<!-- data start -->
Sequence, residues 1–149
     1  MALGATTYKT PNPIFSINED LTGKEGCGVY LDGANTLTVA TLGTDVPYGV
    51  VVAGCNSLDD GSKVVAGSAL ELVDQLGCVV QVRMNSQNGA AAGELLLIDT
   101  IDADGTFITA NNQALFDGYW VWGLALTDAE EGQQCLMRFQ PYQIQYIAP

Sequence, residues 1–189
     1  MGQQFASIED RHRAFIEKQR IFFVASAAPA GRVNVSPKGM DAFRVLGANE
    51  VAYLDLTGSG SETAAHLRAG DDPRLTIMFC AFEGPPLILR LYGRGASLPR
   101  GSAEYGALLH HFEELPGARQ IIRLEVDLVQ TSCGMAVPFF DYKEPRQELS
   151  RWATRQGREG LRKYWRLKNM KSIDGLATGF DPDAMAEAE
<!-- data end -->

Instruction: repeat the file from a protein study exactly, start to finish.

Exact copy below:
Sequence, residues 1–149
     1  MALGATTYKT PNPIFSINED LTGKEGCGVY LDGANTLTVA TLGTDVPYGV
    51  VVAGCNSLDD GSKVVAGSAL ELVDQLGCVV QVRMNSQNGA AAGELLLIDT
   101  IDADGTFITA NNQALFDGYW VWGLALTDAE EGQQCLMRFQ PYQIQYIAP

Sequence, residues 1–189
     1  MGQQFASIED RHRAFIEKQR IFFVASAAPA GRVNVSPKGM DAFRVLGANE
    51  VAYLDLTGSG SETAAHLRAG DDPRLTIMFC AFEGPPLILR LYGRGASLPR
   101  GSAEYGALLH HFEELPGARQ IIRLEVDLVQ TSCGMAVPFF DYKEPRQELS
   151  RWATRQGREG LRKYWRLKNM KSIDGLATGF DPDAMAEAE